Buying a Business to Expand Your Existing Business

Picture of Gina Blitstein Gina Blitstein combines her insight as a fellow small business owner with her strong communication skills, exploring topics that enhance your business efforts. That first-hand knowledge, matched with an insatiable curiosity to know more about just about anything, makes her a well-rounded writer with a sincere desire to engage and inform.

Buying a Business to Expand Your Existing Business

One highly effective way to expand your business is to acquire another, related business. While this sounds like a straightforward plan, there’s a lot to consider beforehand, it can prove to be a lengthy, complicated, and nerve–wracking process. Let’s discuss some things to bear in mind before and during the acquisition of a new–to–you business.

Before You Buy

Find clarity and purpose. Consider what it is you are hoping to achieve with your new acquisition. Are you hoping to gain a more attractive location or a larger or better facility? Are you looking for access to existing equipment or specially trained employees? Sometimes, acquiring their customers as your own is well worth the price of buying the business.

Mind the money. Research how much businesses in your field, in your locale, of the size you’re looking to acquire are selling for. Determine how much you are willing and able to spend on acquiring a new business. Have the details of your financing figured out so when you do find a business to buy, the sale isn’t held up because you can’t access your funding.

Research potential candidates in your preferred area. Some businesses for sale may be listed in an industry publication or from a broker, but don’t stop there. If you discover a business that fits the bill, make an appointment to speak with the owner. The business may not currently be listed but you may be able to put a bug in the owner’s ear. The allure of an attractive buyout may convince an owner who hadn’t even considered selling to think about it seriously.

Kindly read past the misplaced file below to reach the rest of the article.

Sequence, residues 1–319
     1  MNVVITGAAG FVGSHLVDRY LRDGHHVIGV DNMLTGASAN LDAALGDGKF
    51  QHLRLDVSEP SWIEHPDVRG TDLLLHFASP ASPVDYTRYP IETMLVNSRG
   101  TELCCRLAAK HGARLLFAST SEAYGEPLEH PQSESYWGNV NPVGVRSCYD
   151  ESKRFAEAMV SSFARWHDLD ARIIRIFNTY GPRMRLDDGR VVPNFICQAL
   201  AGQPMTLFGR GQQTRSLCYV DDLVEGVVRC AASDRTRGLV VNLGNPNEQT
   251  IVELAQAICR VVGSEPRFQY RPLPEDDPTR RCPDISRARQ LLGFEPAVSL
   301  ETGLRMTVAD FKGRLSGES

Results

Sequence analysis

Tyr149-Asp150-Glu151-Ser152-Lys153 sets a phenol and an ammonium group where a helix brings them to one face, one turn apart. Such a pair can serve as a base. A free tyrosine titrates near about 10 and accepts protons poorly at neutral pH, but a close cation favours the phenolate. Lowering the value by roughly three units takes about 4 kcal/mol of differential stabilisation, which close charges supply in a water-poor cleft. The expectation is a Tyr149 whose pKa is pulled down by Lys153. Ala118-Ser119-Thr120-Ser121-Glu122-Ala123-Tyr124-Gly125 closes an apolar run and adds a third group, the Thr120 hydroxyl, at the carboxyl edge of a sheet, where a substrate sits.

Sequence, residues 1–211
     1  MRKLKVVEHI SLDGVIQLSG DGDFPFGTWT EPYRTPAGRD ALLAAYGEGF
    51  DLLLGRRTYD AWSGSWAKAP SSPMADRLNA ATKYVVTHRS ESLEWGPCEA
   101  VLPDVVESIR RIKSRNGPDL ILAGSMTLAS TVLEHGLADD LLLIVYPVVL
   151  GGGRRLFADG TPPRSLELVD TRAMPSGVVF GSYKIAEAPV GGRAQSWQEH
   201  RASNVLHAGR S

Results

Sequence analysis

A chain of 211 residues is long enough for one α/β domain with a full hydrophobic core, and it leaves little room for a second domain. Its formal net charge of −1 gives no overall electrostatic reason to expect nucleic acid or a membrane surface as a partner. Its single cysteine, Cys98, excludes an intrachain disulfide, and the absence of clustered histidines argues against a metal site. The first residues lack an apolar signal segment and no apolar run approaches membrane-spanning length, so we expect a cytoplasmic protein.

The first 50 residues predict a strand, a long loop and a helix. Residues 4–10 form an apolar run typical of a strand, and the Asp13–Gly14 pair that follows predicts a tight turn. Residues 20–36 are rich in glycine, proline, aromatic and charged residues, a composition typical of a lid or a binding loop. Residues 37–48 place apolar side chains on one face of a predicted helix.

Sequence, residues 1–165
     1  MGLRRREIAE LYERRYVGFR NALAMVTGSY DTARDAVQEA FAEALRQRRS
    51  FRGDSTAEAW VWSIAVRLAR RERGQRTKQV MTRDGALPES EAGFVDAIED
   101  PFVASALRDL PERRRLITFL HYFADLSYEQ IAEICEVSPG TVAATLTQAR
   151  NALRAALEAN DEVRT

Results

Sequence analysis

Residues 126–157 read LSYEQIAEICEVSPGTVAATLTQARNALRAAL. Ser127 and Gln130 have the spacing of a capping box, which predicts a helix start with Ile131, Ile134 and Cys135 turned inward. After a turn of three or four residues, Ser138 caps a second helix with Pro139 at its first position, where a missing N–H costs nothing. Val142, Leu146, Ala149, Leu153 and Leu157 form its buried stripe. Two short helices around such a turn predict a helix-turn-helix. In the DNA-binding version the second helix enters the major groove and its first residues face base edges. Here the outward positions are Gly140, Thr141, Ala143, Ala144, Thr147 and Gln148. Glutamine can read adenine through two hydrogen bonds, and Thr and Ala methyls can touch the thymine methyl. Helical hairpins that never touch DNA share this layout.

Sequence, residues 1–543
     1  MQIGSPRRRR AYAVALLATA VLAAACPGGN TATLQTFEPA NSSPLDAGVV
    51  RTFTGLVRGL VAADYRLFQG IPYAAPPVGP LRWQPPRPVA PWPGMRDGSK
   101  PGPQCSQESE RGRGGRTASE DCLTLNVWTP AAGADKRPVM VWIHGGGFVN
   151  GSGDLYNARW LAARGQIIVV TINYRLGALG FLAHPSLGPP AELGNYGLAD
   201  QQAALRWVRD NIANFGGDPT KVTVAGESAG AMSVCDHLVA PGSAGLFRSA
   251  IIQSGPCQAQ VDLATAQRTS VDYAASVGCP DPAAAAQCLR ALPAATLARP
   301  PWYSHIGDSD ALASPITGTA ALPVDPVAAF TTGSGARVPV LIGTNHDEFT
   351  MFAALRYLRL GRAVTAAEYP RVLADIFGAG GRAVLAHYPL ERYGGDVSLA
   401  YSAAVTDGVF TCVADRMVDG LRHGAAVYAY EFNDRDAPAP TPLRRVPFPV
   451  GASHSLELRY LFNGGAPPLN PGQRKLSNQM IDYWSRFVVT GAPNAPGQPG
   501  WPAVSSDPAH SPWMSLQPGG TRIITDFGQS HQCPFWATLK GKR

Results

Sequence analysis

Plan out your new business in detail. Think long and hard about how your business will operate once the expansion takes place. Will it take on new offerings? Will it retain some – or all – of the employees of the acquired business? How will they be integrated with your existing staff? Will you need to find a larger facility in which to run the larger company?

Be prepared for the influx of new customers. The whole reason you’re expanding is to get more business – so do what’s necessary to be prepared for the deluge of customers. Are you adequately staffed? Do there need to be training or staff meetings? Do you need to pump up production on products you manufacture?

During the Process

Do your due diligence. It’s detective time! You will want to learn as much about your potential new business as possible to make an appropriate offer – for both you and the current owner. For this process, it may be prudent to hire a lawyer and an accountant to help you collect and assess data about the company’s financials, earning potential, condition, standing in the community, treatment of employees, customer satisfaction and such.

Be mindful of how emotional selling a business can be for the current owner. The current owner may well have spent decades building the business. It’s her pride and joy; understand that to have someone asking probing questions may feel quite threatening. She may be downright insulted at the price you determine the business is worth. Demonstrating that you are sensitive to how she may be feeling will help you forge a better professional relationship with her.

Walk away if the deal doesn’t feel right to you. If at any time you don’t feel completely convinced that you’re doing the right thing by buying this business, don’t. Patience is your ally in this arduous process; it’s a big, bold move and you want to make it wisely. You may have to "kiss a lot of frogs" before one turns into a prince. According to Forbes,"Statistics show that before finally signing the share purchase agreement, you will have looked into over 100 teasers, done preliminary due diligence on 15 targets, and signed 2 to 4 letters of intent."

Keeping these considerations in mind can help you buy a business that will expand your company’s reach with confidence.

Would you purchase another business to expand yours?


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